The rise of electronic medical records (EMRs) enables providers to create and capture new data sources to manage population health. But adoption of these systems requires executive buy-in and a powerful culture of analytics tools in order to capitalize on the potential advantages.
The future of managing risk will be contingent upon collecting and synthesizing large amounts of data into actionable improvements in care delivery. By collecting and tracking data about plan members with their informed consent, health systems can proactively build relationships and develop tailored prevention and wellness services customized for each individual.
What Are Key Roadblocks?
Data management is essential for PHM to be effective because it enables a full analysis of risk among patient populations. Without the ability to automatically aggregate and consolidate data from a variety of disparate systems and sources, including inpatient, ambulatory and home sites, improving continuity of patient care and efficiency becomes highly challenging.
To overcome this, employers can partner with health systems that are organized around effective PHM strategies, with every component shifting toward a value-based care model.
Furthermore, health IT systems must be able to integrate the new consumer-driven model with quality data, clinical decision support, and patient-engagement strategies to create the best possible patient experience.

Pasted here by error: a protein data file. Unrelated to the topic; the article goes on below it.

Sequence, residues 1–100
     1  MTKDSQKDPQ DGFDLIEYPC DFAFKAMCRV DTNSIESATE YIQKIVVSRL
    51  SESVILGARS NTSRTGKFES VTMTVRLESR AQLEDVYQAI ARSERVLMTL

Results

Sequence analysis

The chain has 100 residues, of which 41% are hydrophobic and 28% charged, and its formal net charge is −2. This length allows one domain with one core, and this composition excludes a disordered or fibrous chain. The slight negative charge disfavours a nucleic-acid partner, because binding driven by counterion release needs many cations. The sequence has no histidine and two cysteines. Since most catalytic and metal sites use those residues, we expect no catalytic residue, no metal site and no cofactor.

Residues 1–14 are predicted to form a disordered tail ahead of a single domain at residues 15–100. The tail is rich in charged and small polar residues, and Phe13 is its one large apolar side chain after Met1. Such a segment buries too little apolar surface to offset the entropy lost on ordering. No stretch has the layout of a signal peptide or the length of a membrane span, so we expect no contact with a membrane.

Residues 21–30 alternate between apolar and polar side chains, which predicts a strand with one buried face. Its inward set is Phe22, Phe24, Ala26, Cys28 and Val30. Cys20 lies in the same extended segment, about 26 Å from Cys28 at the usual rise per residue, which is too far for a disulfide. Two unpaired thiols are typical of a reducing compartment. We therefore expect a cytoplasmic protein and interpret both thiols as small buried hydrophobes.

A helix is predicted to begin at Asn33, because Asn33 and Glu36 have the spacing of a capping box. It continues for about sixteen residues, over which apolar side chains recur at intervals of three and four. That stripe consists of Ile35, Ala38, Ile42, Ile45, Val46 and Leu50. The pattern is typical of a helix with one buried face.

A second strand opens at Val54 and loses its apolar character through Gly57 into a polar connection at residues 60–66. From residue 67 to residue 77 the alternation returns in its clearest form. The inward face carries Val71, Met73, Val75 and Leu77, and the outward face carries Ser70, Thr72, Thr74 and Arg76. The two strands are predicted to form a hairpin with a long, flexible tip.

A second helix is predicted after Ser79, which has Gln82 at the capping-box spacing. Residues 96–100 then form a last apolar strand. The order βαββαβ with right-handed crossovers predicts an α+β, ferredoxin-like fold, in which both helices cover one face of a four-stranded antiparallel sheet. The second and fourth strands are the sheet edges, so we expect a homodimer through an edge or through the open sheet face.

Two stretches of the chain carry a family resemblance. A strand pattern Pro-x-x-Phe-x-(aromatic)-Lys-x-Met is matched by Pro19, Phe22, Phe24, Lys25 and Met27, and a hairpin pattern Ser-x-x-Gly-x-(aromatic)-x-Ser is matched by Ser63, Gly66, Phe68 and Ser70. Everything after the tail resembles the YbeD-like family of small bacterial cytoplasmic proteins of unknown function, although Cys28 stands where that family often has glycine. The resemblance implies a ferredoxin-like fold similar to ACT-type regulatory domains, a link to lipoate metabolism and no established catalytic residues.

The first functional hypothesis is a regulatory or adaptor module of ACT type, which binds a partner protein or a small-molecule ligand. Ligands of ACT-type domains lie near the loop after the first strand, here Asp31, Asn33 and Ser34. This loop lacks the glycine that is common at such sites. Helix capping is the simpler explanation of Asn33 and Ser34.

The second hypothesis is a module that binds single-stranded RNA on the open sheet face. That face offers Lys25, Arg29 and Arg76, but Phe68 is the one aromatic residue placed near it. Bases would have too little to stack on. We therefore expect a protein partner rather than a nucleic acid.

What Should Employers Look for in a PHM Strategy?
Ideally, employers should seek healthcare systems and PHM managers that work to gain a clear health picture of each plan member, and strive to help shape better health behaviors, encourage prevention and achieve the most optimal outcomes. A growing number of providers give high importance to systems integration and applications that allow stakeholders to access transparent patient information.
What’s more, performance measures enable all stakeholders to assess the value of healthcare services and compare quality, cost and patient experience across healthcare providers. In addition, tracking healthcare data can serve as the foundation for quality improvements and changes in clinical behaviors.
A study by The Wisconsin Collaborative for Healthcare Quality found that tracking the quality of care encourages physicians to change the way they practice medicine, increasing the likelihood of them following guidelines more strictly, contacting patients due for tests, and other improvements to the care they render. Clinical quality is also higher among health plans that measure and publicly report on their performance, according to the National Committee for Quality Assurance.
With the revolution toward payment models that compensate physicians based on patient care and outcomes rather than services, brokers must communicate to clients that the U.S. healthcare system is moving toward quality care and cost reduction. Traditional fee-for-service payment models, which offered no real incentive for providers to reduce unnecessary care, no longer work.
Today, data measuring healthcare prices and quality can be used to demonstrate: value, treatment outcomes and access to care. Strategies designed to optimize this opportunity have the potential to help close the gap between the unsustainably high rate of U.S. healthcare spending and unbalanced levels of quality and access.